Compare this formula with the previous one and you’ll see that they are algebraically identical. As with the expressions for r, the signs work out to give the same equation for both cases.

So the z component of the differential force acting on P due to Q is

dF z=Gρa 2cosθ(asinθz)(a 2+z 22azsinθ) 3/2dϕdθ

and the total force that the sphere exerts on P is

F=F z=∫ π/2 π/2∫ 0 2πGρa 2cosθ(asinθz)(a 2+z 22azsinθ) 3/2dϕdθ

This may seem awful, but it isn’t. First, notice that ϕ doesn’t appear in the integrand, so the integral over ϕ is just

∫ 0 2πdϕ=2π

We can pull that and the other constants out to get

F=2πGρa 2∫ π/2 π/2cosθ(asinθz)(a 2+z 22azsinθ) 3/2dθ

This still looks bad, but with tools like Mathematica and SymPy, integrations like this aren’t the pain in the ass they used to be. After a few seconds of chugging in Mathematica,

the answer pops out:

F=2πGρa 2z 2(sgn(az)1)

where the signum function (sgn) is +1 if the argument is positive and 1 if the argument is negative. Therefore, if P is outside the sphere (a<z),

F=2πGρa 2z 2(11)=4πGρa 2z 2

At this point, we recall that 4πa 2 is the area of the sphere, so that multiplied by the areal density, ρ , is the mass of the sphere, which we’ll call M. So for this case

F=GMz 2

which is just what we’d expect (remember that this is the force per unit mass of P, so there’s no mass term for the particle).

On the other hand, if P is inside the sphere (a>z),

F=2πGρa 2z 2(11)=0

which is the surprising (to me, anyway) result that the sphere exerts no net gravitational force on a particle inside it.

How can this be? Well, certainly it makes sense if P is at the center of the sphere. If we move P up from the center, there’s more mass below P but it is, on the average, farther away. It works out that the increasing mass and increasing distance balance each other to keep the net force at zero.

Oliver Kellogg didn’t have Mathematica. His suggestion was to do a change of variable from θ to r and then integrate. He doesn’t give any details of the process, just the two answers. But I went ahead and did it his way, too, using

r=a 2+z 22azsinθ dr=azcosθa 2+z 22azsinθdθ=azcosθrdθ


asinθz=a 2z 2r 22z

With those substitutions, the integrand becomes

12az 2a 2z 2r 2r 2

which is much easier to deal with than the original integrand. But we have to be careful with the limits. If z>a, the upper limit (θ=π/2) becomes


and the lower limit (θ=π/2) becomes


Therefore, the integral is

F=πGρaz 2&Integral; za z+aa 2z 2r 2r 2dr

where I got rid of the negative sign at the front of the integrand by exchanging the limits. With no trig functions to make life difficult, this works out very quickly to

F=4πGρa 2z 2

when P is outside the sphere. This is the same answer as before.

If z<a, the upper limit (θ=π/2) becomes


and the lower limit (θ=π/2) becomes


Therefore, the integral is

F=πGρaz 2&Integral; az a+za 2z 2r 2r 2dr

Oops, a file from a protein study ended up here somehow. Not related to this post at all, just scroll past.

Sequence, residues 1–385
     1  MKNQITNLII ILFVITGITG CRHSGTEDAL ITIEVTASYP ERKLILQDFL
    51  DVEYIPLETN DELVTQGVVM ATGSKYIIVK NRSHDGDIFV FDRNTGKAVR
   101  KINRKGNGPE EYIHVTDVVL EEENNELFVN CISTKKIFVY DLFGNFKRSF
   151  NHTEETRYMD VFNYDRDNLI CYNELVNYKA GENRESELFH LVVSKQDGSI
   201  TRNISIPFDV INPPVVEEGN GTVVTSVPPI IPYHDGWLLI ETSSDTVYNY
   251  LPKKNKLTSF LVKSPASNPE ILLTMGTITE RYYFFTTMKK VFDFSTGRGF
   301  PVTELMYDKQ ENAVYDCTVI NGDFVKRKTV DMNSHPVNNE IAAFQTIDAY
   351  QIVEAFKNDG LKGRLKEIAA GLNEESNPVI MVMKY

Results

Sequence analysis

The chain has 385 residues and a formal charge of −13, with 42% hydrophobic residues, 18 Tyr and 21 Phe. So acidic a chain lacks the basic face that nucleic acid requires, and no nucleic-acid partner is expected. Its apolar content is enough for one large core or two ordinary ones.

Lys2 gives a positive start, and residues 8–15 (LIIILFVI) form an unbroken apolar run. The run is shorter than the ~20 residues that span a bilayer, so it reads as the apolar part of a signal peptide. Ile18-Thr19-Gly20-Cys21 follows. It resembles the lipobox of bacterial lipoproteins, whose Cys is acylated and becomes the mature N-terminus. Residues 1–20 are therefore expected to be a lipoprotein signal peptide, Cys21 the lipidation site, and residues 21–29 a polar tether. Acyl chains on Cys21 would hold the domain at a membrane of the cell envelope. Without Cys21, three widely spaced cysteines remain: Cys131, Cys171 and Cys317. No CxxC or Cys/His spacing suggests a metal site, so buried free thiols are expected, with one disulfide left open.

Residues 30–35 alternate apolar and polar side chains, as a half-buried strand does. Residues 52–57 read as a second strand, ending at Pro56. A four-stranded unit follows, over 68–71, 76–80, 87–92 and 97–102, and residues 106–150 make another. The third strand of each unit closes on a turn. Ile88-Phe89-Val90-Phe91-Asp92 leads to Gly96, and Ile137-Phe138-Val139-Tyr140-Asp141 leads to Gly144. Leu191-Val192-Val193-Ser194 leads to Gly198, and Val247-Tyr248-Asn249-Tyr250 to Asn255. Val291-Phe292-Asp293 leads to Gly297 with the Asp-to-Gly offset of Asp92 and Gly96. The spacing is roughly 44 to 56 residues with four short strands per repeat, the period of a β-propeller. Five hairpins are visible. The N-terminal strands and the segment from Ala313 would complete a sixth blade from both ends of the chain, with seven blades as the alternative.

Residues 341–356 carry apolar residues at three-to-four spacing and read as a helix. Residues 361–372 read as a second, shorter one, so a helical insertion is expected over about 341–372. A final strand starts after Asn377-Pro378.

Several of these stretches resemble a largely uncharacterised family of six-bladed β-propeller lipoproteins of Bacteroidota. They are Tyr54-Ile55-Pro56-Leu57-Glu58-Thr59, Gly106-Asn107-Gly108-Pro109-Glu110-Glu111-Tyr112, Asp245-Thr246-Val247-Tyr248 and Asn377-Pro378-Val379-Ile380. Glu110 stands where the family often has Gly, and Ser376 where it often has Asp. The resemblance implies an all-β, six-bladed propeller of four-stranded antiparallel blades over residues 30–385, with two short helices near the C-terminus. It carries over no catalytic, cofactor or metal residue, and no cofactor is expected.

which works out to


when P is inside the sphere. Again, a repeat of the answer we got when integrating over θ.

While it was nice to see explicitly how Kellogg did the integration, it was faster to just let Mathematica do its thing. And I didn’t get any deeper physical insight doing the change of variable.

Anyway, now I understand the surprising thing I read about 45 or so years ago. And I’m downloading At the Earth’s Core.

More than 100% pregnant

Kieran Healy tweeted out a gem earlier this evening:

Yes, Professor Huberman, a probability of 120% is indeed “a different thing altogether.”1

While I find it fascinating that someone can run through an argument that clearly proves they are wrong and continue along as if they hadn’t, I don’t have any expertise in psychology, so I won’t try to explain it.

I do, however, have some expertise in probability, and Huberman is dancing around the edge of one of my favorite problems: If there’s a 1 in n chance of something happening in one try, what’s the probability of it happening in n tries?

Remarkably, the answer is not



1(11n) n

The term in the parentheses is the probability of it not happening in a single trial. That term raised to the nth power is the probability of it not happening in n trials (assuming independence between trials). And subtracting that from 1 gives us the probability of it happening (at least once) in n trials.

What’s great about this problem is that you can make a pretty decent estimate of the answer without doing any calculations. The reason is

lim n&rightarrow;(11n) n=1e&approx;0.37

and so

lim n&rightarrow;1(11n) n=11e&approx;0.63

Now, in the Huberman problem n is 5, which is not especially close to infinity, but luckily the convergence to the limit is pretty rapid.

Convergence of probability

I would have guessed the answer for n=5 was about 0.65; it’s actually 0.67. Not super accurate, but better than 1.

Update 10 May 2024 12:21 PM
John D. Cook also saw the Huberman clip and wrote a nice post this morning about how adding probabilities is a reasonably close approximation if both

  • the base probability for a single trial is small; and
  • the number of trials is small.

Absolutely true, but not as much fun as a solution that ends up with Euler’s constant popping up out of nowhere.

  1. The clip is from this 4 hour, 22 minute (!) video episode of the Huberman Lab Podcast. Imagine if Huberman were John Gruber’s guest on The Talk Show